|Publication number||US8035639 B2|
|Application number||US 11/871,623|
|Publication date||Oct 11, 2011|
|Priority date||Oct 13, 2006|
|Also published as||DE102006048578A1, DE102006048578B4, EP1912158A2, EP1912158A3, US20090002364|
|Publication number||11871623, 871623, US 8035639 B2, US 8035639B2, US-B2-8035639, US8035639 B2, US8035639B2|
|Original Assignee||Gerhard Witte|
|Export Citation||BiBTeX, EndNote, RefMan|
|Patent Citations (15), Non-Patent Citations (1), Referenced by (6), Classifications (11), Legal Events (3)|
|External Links: USPTO, USPTO Assignment, Espacenet|
The present invention relates to a method and device for determining the alteration of the shape or also the value of a three-dimensional object, in particular a motor vehicle, which has been partially deformed, for example due to an accident, and for example comprises a dent or a pressed-in frontal section.
If, starting from their original state or a state which is to be regarded as new, objects are deformed, for example by the action of an external force, such that for example a car door has a dent after a stone has hit it, or a boot lid is pinched by being pressed in, then these deformed areas are regarded as being damaged, which may result in an insurance payment having to be made. Since such deformations can occur to different extents on different areas, it is necessary to record and if possible quantify said deformation, in order for example to ascertain the loss in value caused by said deformation.
In order to assess the level of damage to a vehicle which has been damaged in an accident, there are damage calculation systems with the aid of which the expected repair costs can be determined. These systems are based on a motor vehicle expert visually identifying the damaged components, determining—depending on the severity of the damage—whether said components can be repaired or have to be replaced, and then transmitting this information to an electronic data processing system. The replacement part prices and the work respectively required in order to exchange said parts are stored in said electronic data processing system. These systems also have a repair logic for when it is not a matter of only one component but rather of several components which are connected to each other and have to be replaced. Said program then also identifies the amount of the repair costs, on the basis of the replacement parts to be replaced and/or repaired. Such methods have been provided in Germany for decades by the companies Audatex and DAT.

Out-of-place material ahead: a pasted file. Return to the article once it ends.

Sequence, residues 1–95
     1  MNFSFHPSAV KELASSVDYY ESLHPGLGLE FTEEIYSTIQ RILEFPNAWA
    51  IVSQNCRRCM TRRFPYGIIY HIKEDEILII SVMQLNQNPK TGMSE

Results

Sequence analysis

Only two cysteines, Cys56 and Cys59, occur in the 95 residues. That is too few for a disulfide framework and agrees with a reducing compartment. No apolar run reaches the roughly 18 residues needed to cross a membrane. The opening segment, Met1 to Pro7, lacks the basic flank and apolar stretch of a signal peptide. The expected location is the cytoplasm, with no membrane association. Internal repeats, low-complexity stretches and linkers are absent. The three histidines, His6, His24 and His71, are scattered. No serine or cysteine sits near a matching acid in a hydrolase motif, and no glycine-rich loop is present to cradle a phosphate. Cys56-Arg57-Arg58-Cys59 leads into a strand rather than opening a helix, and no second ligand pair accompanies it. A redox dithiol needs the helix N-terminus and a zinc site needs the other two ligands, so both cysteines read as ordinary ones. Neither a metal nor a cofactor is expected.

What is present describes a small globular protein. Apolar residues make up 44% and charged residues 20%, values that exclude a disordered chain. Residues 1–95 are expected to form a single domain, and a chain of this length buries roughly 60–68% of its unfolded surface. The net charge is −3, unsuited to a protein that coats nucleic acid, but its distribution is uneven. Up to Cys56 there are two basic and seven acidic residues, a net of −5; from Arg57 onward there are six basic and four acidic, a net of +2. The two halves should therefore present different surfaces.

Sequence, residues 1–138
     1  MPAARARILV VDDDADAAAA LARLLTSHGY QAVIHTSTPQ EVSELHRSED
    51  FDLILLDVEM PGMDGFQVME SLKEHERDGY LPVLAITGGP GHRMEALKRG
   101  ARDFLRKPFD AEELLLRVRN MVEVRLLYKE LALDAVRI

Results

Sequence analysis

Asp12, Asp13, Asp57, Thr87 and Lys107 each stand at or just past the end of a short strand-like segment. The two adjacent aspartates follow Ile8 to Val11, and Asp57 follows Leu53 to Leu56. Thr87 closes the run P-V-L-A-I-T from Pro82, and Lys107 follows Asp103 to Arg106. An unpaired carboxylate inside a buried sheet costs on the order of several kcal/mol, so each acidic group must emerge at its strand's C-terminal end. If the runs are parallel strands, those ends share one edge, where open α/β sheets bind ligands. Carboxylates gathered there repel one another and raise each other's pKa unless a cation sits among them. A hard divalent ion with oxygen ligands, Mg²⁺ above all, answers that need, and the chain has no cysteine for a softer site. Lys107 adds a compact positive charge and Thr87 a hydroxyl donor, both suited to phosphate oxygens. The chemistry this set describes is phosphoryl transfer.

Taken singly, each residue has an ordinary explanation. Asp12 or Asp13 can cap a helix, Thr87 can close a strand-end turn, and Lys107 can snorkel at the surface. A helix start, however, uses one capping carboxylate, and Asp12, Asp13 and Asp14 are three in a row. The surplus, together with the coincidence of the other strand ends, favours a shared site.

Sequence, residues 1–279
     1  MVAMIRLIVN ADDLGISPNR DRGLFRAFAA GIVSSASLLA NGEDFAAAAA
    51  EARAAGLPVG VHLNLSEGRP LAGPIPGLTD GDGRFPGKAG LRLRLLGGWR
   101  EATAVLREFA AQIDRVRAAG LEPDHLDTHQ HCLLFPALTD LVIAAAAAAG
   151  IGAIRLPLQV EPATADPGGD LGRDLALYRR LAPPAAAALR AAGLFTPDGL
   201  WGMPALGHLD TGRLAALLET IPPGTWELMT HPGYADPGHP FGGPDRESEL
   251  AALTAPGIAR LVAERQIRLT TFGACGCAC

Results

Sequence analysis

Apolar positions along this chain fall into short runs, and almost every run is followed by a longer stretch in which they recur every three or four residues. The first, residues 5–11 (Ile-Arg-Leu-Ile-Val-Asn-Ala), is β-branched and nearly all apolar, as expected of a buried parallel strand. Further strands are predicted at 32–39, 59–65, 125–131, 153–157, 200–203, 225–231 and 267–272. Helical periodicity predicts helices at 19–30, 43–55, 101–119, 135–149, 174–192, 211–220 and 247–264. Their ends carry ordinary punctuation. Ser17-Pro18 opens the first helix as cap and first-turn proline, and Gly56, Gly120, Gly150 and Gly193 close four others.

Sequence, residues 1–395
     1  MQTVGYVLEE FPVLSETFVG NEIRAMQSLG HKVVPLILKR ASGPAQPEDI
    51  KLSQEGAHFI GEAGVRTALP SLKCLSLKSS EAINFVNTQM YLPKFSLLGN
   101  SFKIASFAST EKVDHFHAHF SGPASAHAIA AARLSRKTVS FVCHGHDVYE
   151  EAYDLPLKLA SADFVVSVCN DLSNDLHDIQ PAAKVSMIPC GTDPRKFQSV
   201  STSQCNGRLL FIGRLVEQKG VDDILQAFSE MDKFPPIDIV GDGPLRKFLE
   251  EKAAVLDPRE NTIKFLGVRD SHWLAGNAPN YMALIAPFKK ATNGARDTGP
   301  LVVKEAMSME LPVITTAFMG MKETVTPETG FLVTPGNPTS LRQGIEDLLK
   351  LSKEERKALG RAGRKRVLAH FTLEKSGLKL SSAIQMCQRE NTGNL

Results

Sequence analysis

Storing an index table—in which a component name and an operation are designated—in a memory, in order to estimate repair costs for a vehicle, is known from JP 2001250009.
JP 2001338090 discloses a system comprising different display modes, in order to estimate the repair costs of a vehicle in accordance with a user's experience.
A system for estimating the costs of a repair to a motor vehicle is known from JP 2002329101, wherein a memory for replacement parts, together with corresponding replacement part prices, is provided.
A device for producing cost estimates for repairs to automobiles is known from U.S. Pat. No. 4,435,769 and the corresponding document DE 31 10 788 A1, wherein a parts file for storing replacement part data is provided.
A method and device for determining characteristic properties of a motor vehicle is known from EP 1 603 054 A1, wherein a database is provided in which characteristic properties are stored for a plurality of groups of motor vehicles which are respectively identical in type. The characteristic properties of the motor vehicle are retrieved from the database with the aid of a motor vehicle identification key.
It is an object of the present invention to propose a method and device for simply determining the alteration of the shape of a three-dimensional object from at least one two-dimensional image of the object.
This object is solved by the subjects of the independent claims. Advantageous embodiments follow from the dependent claims.